By E4.5 (HH25) the crural and sciatic plexuses are structurally well defined. LS 1–4 contribute to the crural plexus and LS 4–8 contribute to the larger sciatic plexus. Distinct projections from both plexuses into the hindlimb are evident at this stage. From the crural plexus a dorsal and a ventral nerve branch are projected into the pre-muscle mesoderm of the anterior thigh (Fig. 3B,C). Likewise, two distinct axonal branches have emerged from the sciatic plexus, a dorsal and a ventral branch. The dorsal branch, the sciatic nerve bundle, is broad and more extensively populated than the ventral branch, also referred to as the tibial nerve (Fig. 3B,C).
Embryonic Day 4.75 (HH26)
By E4.75 (HH26) the ScA and CA and PTA remain the prominent blood vessels in the hindlimb (Fig. 3D). The digital arteries are forming anastomoses with the dorsal and ventral branches of the PTA and are beginning to regress from the developing avascular spaces that will become the metatarsals. The once dense capillary network of the pre-muscle mesenchyme is being actively remodeled as muscle tissue is being formed.
By E4.75 (HH26) the dorsal and ventral nerves branches that emerged from the sciatic plexus have extended distally to approximately the mid-tibial and fibular region (Fig. 3D). Above the level of the knee, the dorsal branch is referred to as the sciatic nerve bundle. At the level of the knee joint the sciatic nerve bundle bifurcates into the medial and lateral branches of the peroneal nerve (Fig. 3D), which will innervate the muscles of the lateral and dorsal compartments of the shank as well as the muscles of the foot. The ventral bundle, or tibial nerve, is only faintly visible in Fig. 3D. The tibial nerve bifurcates into a dorsal and a ventral branch at approximately the same level within the hindlimb as the bifurcation of the sciatic nerve bundle. The dorsal and ventral branches of the crural nerve continue to project towards their respective muscle targets. The lateral femoral cutaneous nerve is also formed by E4.75 (HH26; Fig. 3D).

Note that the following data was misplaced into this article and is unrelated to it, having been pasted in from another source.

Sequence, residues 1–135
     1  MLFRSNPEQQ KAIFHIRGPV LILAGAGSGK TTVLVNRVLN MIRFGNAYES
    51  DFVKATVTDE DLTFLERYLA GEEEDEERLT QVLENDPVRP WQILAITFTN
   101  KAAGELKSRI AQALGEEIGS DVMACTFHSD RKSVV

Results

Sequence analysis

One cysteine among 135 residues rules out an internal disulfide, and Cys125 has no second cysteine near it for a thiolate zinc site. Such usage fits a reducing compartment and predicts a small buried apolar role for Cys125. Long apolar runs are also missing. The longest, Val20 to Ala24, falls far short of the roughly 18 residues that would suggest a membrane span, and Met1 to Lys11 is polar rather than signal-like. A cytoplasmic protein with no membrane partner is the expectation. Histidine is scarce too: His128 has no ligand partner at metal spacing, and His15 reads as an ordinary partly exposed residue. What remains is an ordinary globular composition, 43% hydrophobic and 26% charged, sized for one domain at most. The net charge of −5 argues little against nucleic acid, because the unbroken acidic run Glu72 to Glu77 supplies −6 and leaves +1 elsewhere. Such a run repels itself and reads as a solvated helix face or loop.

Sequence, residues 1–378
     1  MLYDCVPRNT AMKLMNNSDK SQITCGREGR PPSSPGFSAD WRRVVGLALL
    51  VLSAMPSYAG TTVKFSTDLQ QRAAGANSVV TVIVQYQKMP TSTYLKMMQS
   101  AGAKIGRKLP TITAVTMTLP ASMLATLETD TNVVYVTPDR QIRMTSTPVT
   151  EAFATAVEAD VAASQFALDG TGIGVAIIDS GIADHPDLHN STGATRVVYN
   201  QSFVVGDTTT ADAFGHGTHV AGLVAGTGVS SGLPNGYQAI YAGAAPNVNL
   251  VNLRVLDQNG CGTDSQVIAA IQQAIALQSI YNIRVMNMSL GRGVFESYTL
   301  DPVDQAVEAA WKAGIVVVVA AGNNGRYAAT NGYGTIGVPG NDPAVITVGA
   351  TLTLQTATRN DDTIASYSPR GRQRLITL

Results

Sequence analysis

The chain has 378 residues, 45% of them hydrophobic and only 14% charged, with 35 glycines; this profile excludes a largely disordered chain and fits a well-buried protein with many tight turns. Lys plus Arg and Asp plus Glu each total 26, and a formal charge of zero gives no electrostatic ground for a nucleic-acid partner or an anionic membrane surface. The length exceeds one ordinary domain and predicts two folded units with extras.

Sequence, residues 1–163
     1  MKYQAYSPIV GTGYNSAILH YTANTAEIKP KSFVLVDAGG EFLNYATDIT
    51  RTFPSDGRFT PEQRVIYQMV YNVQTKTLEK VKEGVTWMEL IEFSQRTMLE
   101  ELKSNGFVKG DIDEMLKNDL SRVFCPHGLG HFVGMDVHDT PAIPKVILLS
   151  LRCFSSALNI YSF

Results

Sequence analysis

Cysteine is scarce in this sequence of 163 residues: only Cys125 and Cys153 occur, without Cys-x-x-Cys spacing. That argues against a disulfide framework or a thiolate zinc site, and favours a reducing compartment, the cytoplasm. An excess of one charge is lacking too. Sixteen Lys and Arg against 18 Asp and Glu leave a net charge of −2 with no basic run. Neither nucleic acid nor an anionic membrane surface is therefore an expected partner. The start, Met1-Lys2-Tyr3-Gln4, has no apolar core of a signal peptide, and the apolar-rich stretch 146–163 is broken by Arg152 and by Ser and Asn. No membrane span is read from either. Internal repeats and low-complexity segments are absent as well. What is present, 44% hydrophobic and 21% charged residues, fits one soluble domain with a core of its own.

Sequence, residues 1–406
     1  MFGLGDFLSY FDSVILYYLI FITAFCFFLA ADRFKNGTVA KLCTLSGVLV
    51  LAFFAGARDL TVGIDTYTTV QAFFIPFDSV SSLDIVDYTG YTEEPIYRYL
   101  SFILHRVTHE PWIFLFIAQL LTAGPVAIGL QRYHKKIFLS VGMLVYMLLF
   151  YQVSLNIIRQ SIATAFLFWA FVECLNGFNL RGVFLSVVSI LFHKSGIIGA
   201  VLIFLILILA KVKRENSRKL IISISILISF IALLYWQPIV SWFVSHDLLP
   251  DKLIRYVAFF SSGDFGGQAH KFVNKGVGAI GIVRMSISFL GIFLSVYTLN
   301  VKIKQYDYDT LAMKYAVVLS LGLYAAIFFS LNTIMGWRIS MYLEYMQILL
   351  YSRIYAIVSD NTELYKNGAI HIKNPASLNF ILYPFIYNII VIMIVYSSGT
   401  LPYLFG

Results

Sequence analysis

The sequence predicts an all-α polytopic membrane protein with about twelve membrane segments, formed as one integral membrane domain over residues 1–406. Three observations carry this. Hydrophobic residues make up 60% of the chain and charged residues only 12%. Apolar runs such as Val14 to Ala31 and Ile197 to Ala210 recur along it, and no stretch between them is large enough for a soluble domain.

Embryonic Day 5.5 (HH28)
By E5.5 (HH28) the anterior tibial artery has formed just distal to the knee joint as a ventro–distal offshoot of the PTA (Fig. 3E and Fig. 5). The anterior tibial artery supplies the ventrolateral portion of the distal hindlimb. The digital arteries, which first formed anastomoses with the PTA, have now formed proximo–ventral offshoots that have assembled into a loose arteriolar network near the ventral surface of the shank. The crural artery (CA), which is largely responsible for vascularization of the anterior thigh musculature, has bifurcated at approximately the mid-femur level into dorsal and ventral branches (Fig. 3E). The dorsal branch extends to the level of the dorsum of the knee where it joins the PTA. The ventral branch of the CA supplies the ventral thigh musculature.